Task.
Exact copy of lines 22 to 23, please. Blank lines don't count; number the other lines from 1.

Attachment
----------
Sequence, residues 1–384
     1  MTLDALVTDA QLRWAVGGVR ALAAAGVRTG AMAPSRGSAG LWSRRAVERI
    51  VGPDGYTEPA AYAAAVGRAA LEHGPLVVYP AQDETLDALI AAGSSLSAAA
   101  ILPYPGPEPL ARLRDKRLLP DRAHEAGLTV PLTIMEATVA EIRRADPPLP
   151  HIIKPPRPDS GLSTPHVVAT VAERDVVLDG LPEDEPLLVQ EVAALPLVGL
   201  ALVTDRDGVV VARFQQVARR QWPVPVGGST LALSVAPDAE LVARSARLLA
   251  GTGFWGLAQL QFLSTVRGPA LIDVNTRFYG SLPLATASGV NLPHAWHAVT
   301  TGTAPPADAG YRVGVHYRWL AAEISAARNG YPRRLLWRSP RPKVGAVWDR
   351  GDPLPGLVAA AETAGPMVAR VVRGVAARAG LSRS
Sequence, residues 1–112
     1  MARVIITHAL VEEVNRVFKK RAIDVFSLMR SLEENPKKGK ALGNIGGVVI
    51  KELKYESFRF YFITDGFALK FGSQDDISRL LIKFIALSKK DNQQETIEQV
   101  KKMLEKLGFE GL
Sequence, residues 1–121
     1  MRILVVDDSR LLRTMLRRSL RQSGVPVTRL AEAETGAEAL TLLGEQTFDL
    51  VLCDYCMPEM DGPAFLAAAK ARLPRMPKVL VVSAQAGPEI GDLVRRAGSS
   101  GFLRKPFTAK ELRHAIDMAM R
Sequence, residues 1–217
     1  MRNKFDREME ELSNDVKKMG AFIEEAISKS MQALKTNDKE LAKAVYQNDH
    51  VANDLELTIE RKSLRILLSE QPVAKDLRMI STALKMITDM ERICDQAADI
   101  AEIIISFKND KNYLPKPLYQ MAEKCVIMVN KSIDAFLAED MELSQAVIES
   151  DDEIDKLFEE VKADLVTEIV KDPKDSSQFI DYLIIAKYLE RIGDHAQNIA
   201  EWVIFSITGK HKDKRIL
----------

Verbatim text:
   151  DDEIDKLFEE VKADLVTEIV KDPKDSSQFI DYLIIAKYLE RIGDHAQNIA
   201  EWVIFSITGK HKDKRIL